The new AIT application has now consolidated these application types into a single AIT PIN and applies to both South African tax residents who are 18 years and older and transferring more than R1-million out of SA in a calendar year, as well as to taxpayers who have ceased their tax residency in SA but need to transfer funds abroad, from a South African source.

Sars, having taken note of the fact that the South African Reserve Bank has relaxed certain exchange control requirements, is also aware, in less technical terms, that only South African tax residents may be permitted to avail of a Single Discretionary Allowance (SDA) within an overall limit of R1-million per calendar year without the requirement to obtain a TCS PIN letter.  

With that in mind, there are no two ways about it that requesting a valid AIT PIN is needed for both:

(i) Tax residents in SA, who seek to transfer more than R1 million out of the country, per calendar year; and

(ii) Tax non-residents in SA, who have successfully obtained their Notice of Non-Resident Tax Status confirmation letter from Sars but seek to transfer any amount out of the country, per calendar year. Of importance, is that this includes SA expats using a DTA.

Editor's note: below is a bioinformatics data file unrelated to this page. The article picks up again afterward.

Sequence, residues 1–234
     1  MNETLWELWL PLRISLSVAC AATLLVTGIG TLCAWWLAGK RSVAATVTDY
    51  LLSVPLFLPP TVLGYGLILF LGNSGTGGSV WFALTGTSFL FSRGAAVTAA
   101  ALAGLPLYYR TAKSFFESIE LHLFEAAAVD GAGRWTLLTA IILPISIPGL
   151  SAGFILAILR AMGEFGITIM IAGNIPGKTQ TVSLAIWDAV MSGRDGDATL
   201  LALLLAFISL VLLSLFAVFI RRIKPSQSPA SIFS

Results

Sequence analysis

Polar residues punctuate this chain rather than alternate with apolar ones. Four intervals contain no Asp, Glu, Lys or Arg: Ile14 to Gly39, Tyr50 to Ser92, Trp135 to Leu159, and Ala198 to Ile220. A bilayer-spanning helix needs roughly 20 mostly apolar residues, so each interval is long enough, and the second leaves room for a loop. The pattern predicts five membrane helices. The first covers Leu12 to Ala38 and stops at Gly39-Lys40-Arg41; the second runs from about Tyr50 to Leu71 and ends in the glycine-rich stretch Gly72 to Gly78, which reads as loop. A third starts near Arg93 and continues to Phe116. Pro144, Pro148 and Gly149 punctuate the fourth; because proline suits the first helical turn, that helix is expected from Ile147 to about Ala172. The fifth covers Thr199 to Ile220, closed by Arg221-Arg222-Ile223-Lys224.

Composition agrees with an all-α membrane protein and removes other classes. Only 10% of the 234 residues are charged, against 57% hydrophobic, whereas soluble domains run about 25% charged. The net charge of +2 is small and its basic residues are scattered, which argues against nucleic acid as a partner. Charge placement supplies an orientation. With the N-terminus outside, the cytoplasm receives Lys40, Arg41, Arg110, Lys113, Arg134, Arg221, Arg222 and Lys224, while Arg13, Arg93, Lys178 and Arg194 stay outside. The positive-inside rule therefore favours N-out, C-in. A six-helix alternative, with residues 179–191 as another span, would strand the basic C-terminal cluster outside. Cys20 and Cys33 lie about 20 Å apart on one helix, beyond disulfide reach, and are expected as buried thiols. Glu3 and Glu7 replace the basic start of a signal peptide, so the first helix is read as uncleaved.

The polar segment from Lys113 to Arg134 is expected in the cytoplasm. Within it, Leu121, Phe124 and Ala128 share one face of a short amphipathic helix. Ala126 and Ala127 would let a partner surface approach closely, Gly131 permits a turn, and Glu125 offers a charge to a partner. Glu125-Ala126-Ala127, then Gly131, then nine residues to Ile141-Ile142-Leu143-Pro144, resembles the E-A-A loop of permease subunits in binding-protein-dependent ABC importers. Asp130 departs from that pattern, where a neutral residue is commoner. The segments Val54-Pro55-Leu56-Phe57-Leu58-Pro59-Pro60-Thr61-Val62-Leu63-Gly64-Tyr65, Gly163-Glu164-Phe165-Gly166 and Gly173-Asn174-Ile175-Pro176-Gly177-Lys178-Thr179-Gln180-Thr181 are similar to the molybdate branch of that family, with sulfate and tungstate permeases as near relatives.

Where Do SA Expats Using a DTA Fit, In Relation To The AIT Application?

A question encountered in practice these days, is how does the new AIT application affect SA expats who are abroad whilst using a DTA to be temporarily non-resident in SA for tax purposes?

First off, making use of a DTA is only one of the ways in which an SA expat can formally update their South African tax residency status with Sars from a resident to a non-resident. In doing so, SA expats who are non-resident by means of a DTA are legally protected from the burden of having foreign-sourced income taxed twice – i.e., by both Sars and the revenue authority of the host country where they are (temporarily) living and working.